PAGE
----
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Type Identification

Type Identification - "typeinfo" in newer systems...

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Type Identification A relatively new feature in C++ is type identification, where it is possible to determine the type of an object at run time. A simple example of this feature is: #include <typeinfo.h> #include <stdio.h> class A { public: virtual void f(int) {} }; class B : public A { public: virtual void f(int) {} }; int main() { A a; B b; A* ap1 = &a; A* ap2 = &b; if (typeid(*ap1) == typeid(A)) printf("ap1 is A\n"); else printf("ap1 is B\n"); if (typeid(*ap2) == typeid(A)) printf("ap2 is A\n"); else printf("ap2 is B\n"); return 0; } which produces: ap1 is A ap2 is B even though the nominal type of both *ap1 and *ap2 is A. In this example, *ap1 and *ap2 represent polymorphic types, that is, types that can refer to any class type in a hierarchy of derivations. If we omitted the virtual functions in A and B, this program would give different results, considering both *ap1 and *ap2 to be referencing A objects. typeid() produces an object of type "typeinfo", described in typeinfo.h (or just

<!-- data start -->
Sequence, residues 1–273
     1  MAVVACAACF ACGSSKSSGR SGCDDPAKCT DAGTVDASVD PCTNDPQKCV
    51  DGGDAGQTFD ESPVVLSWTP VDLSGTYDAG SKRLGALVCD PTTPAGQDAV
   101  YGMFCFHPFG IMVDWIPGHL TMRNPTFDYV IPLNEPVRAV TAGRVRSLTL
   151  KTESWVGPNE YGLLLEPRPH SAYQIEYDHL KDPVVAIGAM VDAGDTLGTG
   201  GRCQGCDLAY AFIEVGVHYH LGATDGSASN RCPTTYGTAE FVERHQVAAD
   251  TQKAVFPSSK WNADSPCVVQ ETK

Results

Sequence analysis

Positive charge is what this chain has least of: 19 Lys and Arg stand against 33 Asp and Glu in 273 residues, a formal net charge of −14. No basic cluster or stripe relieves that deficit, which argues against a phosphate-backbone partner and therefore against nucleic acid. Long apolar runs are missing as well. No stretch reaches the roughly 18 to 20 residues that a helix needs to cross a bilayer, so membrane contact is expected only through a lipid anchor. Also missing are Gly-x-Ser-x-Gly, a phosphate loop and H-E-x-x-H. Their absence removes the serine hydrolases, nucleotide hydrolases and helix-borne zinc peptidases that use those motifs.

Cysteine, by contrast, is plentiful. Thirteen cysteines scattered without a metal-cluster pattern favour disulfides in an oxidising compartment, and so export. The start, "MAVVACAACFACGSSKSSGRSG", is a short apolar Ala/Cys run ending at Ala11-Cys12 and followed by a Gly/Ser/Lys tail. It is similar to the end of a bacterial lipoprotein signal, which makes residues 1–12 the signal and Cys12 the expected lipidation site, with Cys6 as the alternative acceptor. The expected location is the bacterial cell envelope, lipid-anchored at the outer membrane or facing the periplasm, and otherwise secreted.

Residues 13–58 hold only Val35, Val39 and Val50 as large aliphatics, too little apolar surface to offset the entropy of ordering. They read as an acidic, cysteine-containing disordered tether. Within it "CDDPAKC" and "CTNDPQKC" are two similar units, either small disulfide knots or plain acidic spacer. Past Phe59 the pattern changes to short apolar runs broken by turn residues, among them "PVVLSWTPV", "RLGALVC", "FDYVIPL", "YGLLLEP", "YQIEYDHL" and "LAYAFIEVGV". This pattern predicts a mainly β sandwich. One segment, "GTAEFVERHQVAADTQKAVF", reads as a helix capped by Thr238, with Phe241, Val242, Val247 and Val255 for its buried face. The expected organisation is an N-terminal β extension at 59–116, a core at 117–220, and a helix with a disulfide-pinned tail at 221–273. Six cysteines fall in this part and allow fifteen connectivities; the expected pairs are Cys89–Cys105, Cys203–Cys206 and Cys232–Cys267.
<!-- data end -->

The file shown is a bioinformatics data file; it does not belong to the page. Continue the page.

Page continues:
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Unformatted text preview: "typeinfo" in newer systems). This type has operations for testing for equality, and also a member function for returning the name of a type. For example, when this code is executed: #include <typeinfo.h> #include <stdio.h> int main() { int i; double x[57]; float f1 = 0.0; const float f2 = 0.0; printf("%s\n", typeid(i).name()); printf("%s\n", typeid(x).name()); if (typeid(f1) == typeid(f2)) printf("equal\n"); return 0; } the result is: int double [57] equal Note that the typeid() comparison ignores top-level "const". The form of the name returned by name() is implementation-dependent. This feature of C++ is quite important, because it represents a partial departure from early binding, that is, fully resolving names at compile time. Sometimes it's necessary to be able to manipulate type names in a running program. A more recent language like Java(tm) has many more features of this type....
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